All over the world, teenagers struggle with the intense emotions of adolescence. For some young people, this period can cause a lot of emotional distress, not only for them but for their family and friends. Teen narcissistic personality disorder (NPD) is showing a sharp increase globally; individuals with NPD are characterised by all-consuming thoughts of themselves and a focus exclusively on supporting their own needs and desires. This can leave little room to recognise or consider the thoughts, needs, or emotions of others.
It may seem that individuals living with NPD act simply to serve their own personal wants and needs, and believe that their desires are superior to those of others. This self-preoccupation typically causes extreme difficulty in relationships and social interaction in general, but especially in early adulthood.
Personality Disorders in Teens
For parents, recognising and understanding narcissistic personality disorder can be extremely distressing. By the time we are adults, most of us have interacted with somebody who has narcissistic personality disorder, be it a friend, colleague or partner. This person may put their own needs above anyone else’s, pushing boundaries or reneging on agreements. They may also be intensely self-obsessed, show a lack of empathy or critical attitude toward others, and quickly become angry or defensive.
Understanding that these behaviours may be attributed to narcissistic personality disorder (NPD) makes them easier to manage.
However, if a child is showing symptoms of narcissistic personality disorder, the situation can be difficult to understand. Diagnosis can be challenging because self-focus, which is often associated with narcissism in adults, is a normal part of child development. Below we will look at some characteristics of narcissistic personality disorder in young adults.
Recognising Narcissistic Tendencies
Narcissism is typically diagnosed in teens or early adulthood if they are displaying some of the following signs:
- An inflated sense of self-importance
- Struggling to empathise with others
- Feelings of extreme loneliness
- Underlying deep insecurities and fears
- Difficulty regulating emotions
- Behaving in an arrogant or haughty manner
- Holding unreasonable expectations of others
- Having critical or dismissive attitudes towards others
Different Kinds of Narcissistic Behavior
It is not commonly known that there are multiple types of narcissistic personality disorder. Here we look through some of the different types included in this personality disorder.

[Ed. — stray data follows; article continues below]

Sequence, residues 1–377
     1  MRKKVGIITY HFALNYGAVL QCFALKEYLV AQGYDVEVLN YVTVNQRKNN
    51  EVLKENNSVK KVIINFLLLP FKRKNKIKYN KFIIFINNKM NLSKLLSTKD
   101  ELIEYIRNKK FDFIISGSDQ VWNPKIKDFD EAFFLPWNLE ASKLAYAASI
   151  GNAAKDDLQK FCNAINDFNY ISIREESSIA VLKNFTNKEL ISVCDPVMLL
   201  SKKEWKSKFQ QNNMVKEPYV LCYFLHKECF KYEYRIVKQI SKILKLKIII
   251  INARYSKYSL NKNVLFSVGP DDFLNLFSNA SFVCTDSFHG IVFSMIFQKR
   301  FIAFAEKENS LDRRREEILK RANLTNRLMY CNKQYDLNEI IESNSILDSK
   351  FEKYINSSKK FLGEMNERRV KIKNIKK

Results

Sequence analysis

Overt narcissism is often considered the most obvious form of narcissism. It is associated with an excessive preoccupation with the perceptions of others. Overt narcissists tend to be heavily focused on status, wealth and power due to their grandiosity. Their behaviour may be extremely self-entitled. It is common for overt narcissists to be high-achieving and extremely sensitive to criticism, no matter how minor.
Covert narcissism is more discrete than overt narcissism. Like the other forms of NPD, someone with covert narcissism will have an inflated sense of themselves and crave praise and validation from others. However, in contrast to someone with overt narcissism, those living with covert narcissism might express their narcissistic traits subtly. As opposed to continuously talking themselves up or demanding respect and attention, they might engage in blaming, shaming, manipulation or emotional abuse for their own gain. They might also view themselves as a victim.
While all people with narcissistic traits might be overly concerned with how they appear to others, antagonistic narcissists are particularly concerned with winning and power.Somebody with antagonistic narcissism will generally seem very competitive, arrogant, and engage in excessive criticism.They may also try to exploit others in order to win or get ahead. It is common to see someone with this form of narcissistic personality disorder put others down or start arguments in an attempt to appear dominant over their rival.
Similarly to covert narcissism, someone living with communal narcissism may not appear particularly self-centred or ego-driven. They might appear at first as though they put others first or even display some tendencies associated with martyrdom. However, this behaviour is often driven by a desire to earn praise and respect, rather than simply to support others. This form of narcissism is often found in members of social causes or in charity work, usually in the ‘leader’ of a movement. People with communal narcissism may view themselves as being more empathetic than those around them, and may criticise others for their lack of compassion.